The British Empire holds a strange place in the UK’s national memory; many young people have little knowledge of it while many older people remember it fondly, with 65% of over 65s in a YouGov poll saying the Empire was something to be proud of in 2014. Considering that the British Empire lasted for … More Don’t Mention the Empire!
One of the biggest discussions surrounding the 2017 snap General Election concerns the plausibility that while the Conservatives will retain enough seats to win, their drop in the early polls could indicate Labour clawing them out of a majority. This would leave the UK parliament with a Victorian age hanging or ‘hung parliament’ to be … More UK General Election of 1885: How the Irish hung parliament
Today we are going to talk about something that my archaeology friends find fascinating, and most other humanist consider as particularly gross – the dead. Death is a key moment in anyones existence – dare I say The Most Crucial? But it can be quite a nasty and blunt topic to discuss. Nevertheless, in the … More Burial Practices in Early Medieval Northern Europe
As part of our First World War series, today I’ll be looking briefly at David Lloyd George, the second British Prime Minister of the First World War. David Lloyd George is considered one of Britain’s finest Prime Ministers by academics, his role as Prime Minister during the First World War is easily one of the … More The Welsh Prime Minister: David Lloyd George
When I chose to take on the subject of Robert Nivelle I envisioned creating a summary of his life, much like what you could already find on a number of websites. But instead I have found myself focusing on the event which immortalised him in military history, the ‘Nivelle Offensive’. Having just visited the region … More The ‘Song of Craonne’: The Legacy of Robert Nivelle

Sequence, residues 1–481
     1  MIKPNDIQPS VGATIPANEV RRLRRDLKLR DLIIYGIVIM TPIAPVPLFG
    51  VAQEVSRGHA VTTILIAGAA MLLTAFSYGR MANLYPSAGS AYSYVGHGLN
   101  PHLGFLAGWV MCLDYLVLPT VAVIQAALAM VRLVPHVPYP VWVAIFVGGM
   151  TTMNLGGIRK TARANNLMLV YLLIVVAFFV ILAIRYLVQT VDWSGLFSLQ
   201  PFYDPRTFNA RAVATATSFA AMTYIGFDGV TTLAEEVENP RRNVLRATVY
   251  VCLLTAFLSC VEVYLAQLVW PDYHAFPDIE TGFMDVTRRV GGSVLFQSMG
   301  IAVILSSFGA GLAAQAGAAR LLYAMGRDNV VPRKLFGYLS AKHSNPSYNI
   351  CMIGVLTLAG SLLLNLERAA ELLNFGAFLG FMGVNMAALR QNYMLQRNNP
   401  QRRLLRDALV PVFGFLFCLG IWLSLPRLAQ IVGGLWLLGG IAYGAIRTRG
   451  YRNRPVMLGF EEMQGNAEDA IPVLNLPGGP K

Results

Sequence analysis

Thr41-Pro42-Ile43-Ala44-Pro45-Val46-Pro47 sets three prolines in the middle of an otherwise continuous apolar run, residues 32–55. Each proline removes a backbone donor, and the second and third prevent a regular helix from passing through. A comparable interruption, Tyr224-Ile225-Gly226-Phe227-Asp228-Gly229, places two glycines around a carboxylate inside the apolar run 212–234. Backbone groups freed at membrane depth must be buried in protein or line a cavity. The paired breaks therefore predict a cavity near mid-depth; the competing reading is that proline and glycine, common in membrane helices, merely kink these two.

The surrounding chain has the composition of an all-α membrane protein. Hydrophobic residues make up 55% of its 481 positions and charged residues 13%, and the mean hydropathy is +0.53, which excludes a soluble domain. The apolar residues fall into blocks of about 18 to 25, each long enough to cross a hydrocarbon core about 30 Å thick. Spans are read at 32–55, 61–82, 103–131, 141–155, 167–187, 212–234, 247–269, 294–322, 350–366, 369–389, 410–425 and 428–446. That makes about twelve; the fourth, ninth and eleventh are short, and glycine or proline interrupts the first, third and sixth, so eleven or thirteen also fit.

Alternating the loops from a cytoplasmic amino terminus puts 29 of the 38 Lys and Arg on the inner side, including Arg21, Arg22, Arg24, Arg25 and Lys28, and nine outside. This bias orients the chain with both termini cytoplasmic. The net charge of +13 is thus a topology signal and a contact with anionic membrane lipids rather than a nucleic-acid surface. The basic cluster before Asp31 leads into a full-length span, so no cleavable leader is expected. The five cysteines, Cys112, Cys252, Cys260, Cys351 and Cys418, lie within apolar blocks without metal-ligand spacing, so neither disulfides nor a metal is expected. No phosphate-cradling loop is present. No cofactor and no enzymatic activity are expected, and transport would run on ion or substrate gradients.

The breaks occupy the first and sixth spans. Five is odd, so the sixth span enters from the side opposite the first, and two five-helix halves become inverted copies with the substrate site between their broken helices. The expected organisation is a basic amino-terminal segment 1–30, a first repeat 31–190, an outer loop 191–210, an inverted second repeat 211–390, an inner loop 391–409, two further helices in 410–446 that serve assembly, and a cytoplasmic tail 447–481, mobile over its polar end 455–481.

Politics and professional sport have forever been intertwined. Recently this has become more apparent with a number of news stories demonstrating this relationship. The American footballer Colin Kaepernick has made headlines and received a great deal of harassment for kneeling during the American national anthem at matches in protest of police violence against African Americans. … More When Politics Come to Sport: A History of Protest and Boycott at the Olympic and Paralympic Games
Feature Image: Liverpool’s Skyline from New Brighton Beach The Liverpool accent, most famously dubbed the ‘Scouse’ accent, is one of the most noticeable and varied speech patterns in England – and in the British Isles. But have Liverpudlians always talked like they have a blocked nose? Have they always spoken in a higher pitch towards the end of … More The Scouse Way of Speaking: How Liverpool’s Accent Developed
As we mark the centenary of The Easter Rising, a recent article by Olivia O’Leary for The Guardian lead me to consider the involvement of women in the conflict, and on the involvement of the aristocrat-turned-rebel, Countess Markievicz in particular. … More “Dress suitably in short skirts … and buy a revolver”: The role of women in The Easter Rising of 1916
The Irish potato famine of 1845-1849 is often seen as a turning point in Irish history with many Irish historians referring to Irish history as pre-famine and post-famine. The famine killed almost 1 million and a further 2 million emigrated to escape the lack of food and lack of work. Not only did it led … More The Irish Potato Famine: Genocide?
As part of the tag challenge month I am going to briefly investigate the two themes of Ireland and Castles and Fortifications. Castles were, for the most part, military structures that were constructed in areas along frontiers to stop enemies from moving through their owners land. They could also be used aggressively both as a … More A brief look at the early stages of Dunamase Castle, Ireland